I am a voracious fan of Elizabeth's watershed reign but, frankly, it has been surveyed enough. So I am pleased that Hooper chose to canvas the more complex side of Elizabeth the woman. And I am ecstatic that he chose the amazing Helen Mirren to do the heavy lifting. Certainly her job is made easier by a superb script with just the right balance between known events and intelligent guesses about the personal drives and private maneuvers behind those events.
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74 of 82 people found the following review helpful
5.0 out of 5 stars Enthralling performances... May 19, 2006
I love all that is English, when it comes to history, and this is the icing on the cake. Helen Mirren gives an outstanding performance as Queen Elizabeth, the later years. She "feels" the part and "lives" the part. Adding personality to a much misunderstood royal ruler. Even going so far as to play pinch and giggle with the younger Robert. You can see the pained emotions on her face when she is forced to make a choice between love and her throne. But her heart belongs to England so she lives out the remainder of her life as a woman without love or family.
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34 of 38 people found the following review helpful
3.0 out of 5 stars Glory Of Her Crown September 17, 2006
I grew up with the magnificent Glenda Jackson version of Elizabeth R, and to me she is the definitive Gloriana. Helen Mirren is superb, but to my mind too flirtatious and indecisive. I don't think the imperious Elizabeth would necessarily have cracked jokes with her courtiers to this extent. Her relationship with the love of her life, the Earl of Leicester, senstively portrayed by Jeremy Irons, is well done, but Leicester did not die in her arms after the defeat of the Armada. Neither did Elizabeth ever meet Mary Queen of Scots (played as a simpering Frenchwoman by Barbara Flynn) or even more bizarrely, her successor, James VI, and Mary was her second, not her first cousin. The Earl of Essex story is more problematic. Though it charts effectively Elizabeth's disillusionment with his ambition and arrogance, it also shows her as being totally besotted by him, which I doubt was the case. Other fine performances are given by Toby Jones as 'Pygmy', Robert Cecil, and by the actors playing Lord Burghley and Francis Walsingham, but for historical accuracy as well as Glenda Jackson's magnetism, Elizabeth R remains definitive.
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Most Recent Customer Reviews
4.0 out of 5 stars Riveting Performance
An outstanding performance by one of my favorite actresses, Helen Mirren. Although It contained too much blood and gore at times, the story of Elizabeth's ascension to the throne... Read more
Published 19 minutes ago by knowledge is the key
4.0 out of 5 stars indrawing mood for this wonderful period piece
A dramatic tale that sets a consuming, indrawing mood for this wonderful period piece. The costuming and cinematography is very good, at times scenes are framed like a Rembrandt... Read more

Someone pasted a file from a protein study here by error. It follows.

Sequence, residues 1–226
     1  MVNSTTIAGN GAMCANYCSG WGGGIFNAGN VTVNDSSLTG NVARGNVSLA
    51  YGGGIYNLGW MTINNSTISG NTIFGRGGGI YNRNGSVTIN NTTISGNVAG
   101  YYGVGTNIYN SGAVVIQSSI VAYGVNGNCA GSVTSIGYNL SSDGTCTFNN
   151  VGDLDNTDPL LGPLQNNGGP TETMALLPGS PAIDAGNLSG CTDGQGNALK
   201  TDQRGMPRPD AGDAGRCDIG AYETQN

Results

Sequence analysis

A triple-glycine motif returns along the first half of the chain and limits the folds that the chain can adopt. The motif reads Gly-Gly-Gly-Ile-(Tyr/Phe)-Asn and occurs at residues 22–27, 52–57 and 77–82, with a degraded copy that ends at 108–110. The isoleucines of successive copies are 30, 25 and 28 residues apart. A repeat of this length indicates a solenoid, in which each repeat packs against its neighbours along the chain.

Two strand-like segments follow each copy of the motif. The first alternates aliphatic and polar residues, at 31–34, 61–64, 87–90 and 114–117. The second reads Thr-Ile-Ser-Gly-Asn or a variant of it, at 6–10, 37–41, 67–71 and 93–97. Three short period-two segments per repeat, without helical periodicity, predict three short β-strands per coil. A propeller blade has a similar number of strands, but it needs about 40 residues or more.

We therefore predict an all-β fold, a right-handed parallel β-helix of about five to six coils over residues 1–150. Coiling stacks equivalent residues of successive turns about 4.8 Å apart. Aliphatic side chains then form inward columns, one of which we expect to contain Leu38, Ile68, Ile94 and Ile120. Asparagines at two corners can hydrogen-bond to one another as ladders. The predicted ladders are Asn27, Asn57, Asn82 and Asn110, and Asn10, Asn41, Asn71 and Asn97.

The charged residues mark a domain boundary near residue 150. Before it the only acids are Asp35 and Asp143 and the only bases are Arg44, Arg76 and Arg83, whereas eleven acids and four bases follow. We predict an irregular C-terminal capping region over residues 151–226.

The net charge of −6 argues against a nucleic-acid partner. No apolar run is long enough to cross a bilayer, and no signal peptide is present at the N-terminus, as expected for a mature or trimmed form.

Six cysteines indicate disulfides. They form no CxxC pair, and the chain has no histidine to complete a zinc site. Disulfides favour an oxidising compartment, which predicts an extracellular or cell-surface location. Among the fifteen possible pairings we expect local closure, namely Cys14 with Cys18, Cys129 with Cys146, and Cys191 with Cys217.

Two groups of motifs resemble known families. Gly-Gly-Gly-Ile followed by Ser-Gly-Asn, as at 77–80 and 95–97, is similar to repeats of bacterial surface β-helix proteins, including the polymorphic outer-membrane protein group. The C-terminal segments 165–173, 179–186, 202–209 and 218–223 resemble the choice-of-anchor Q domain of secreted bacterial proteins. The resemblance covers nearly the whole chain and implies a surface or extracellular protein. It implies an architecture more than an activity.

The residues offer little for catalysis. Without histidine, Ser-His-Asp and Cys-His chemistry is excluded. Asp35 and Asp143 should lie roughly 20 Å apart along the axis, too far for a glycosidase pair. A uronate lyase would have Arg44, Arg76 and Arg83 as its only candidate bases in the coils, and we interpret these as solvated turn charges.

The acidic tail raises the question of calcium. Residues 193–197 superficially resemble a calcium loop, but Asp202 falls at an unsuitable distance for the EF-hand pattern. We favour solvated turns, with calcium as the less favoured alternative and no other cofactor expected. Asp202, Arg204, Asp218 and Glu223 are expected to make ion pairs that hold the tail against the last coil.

Published 1 day ago by John P. Wilson
3.0 out of 5 stars Three Stars
The acting was very good but I would of liked more action.
Published 1 day ago by Don M
5.0 out of 5 stars Great Watch!
Cannot verify the historical accuracy but this HBO Miniseries is an excellent portrayal of Elizabeth I.
Published 1 day ago by Mark4Runner
3.0 out of 5 stars A bit dull and over the top
A bit dull and over the top. Nothing new or revealing about Elizabeth 1. Kind of like the numerous shows of Hamlet.
Published 2 days ago by connie coonce
5.0 out of 5 stars A must see
Excellent presentation. One of the best of Elizabeth I have seen. It is moving and entertaining. You will love it.
Published 2 days ago by Terry
4.0 out of 5 stars Four Stars
Very good show I watch from time to time.
Published 2 days ago by Frida Kahlo
5.0 out of 5 stars Spellbinding!
Helen Mirren makes Elizabeth a most human regent. She is brilliant and brings out the best of the story.
Published 2 days ago by Donna McPeek
1.0 out of 5 stars I didn't actuallywatch the movie because without subtitles
My problem with the video is that I was unable to access closed caption. I didn't actually watch the movie because without subtitles, I do not have hearing ability to understand a... Read more
Published 3 days ago by Carrie E. Prestwood
5.0 out of 5 stars Best Yet!
The very best movie yet made about this remarkable Queen and this period in England's history. Beautifully scripted and stunning performances it really is superior in every way. Read more
Published 4 days ago by NHB
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DVD Chapters..
I couldn't agree more - where is the second part of the two part HBO Miniseries on Elizabeth I??? It is also not on HBO cable channels?? If someone knows anything about this would they please let us know. Thanks!! AMAZON PLEASE REPLY ALSO
Sep 4, 2006 by Morris Enfield |  See all 4 posts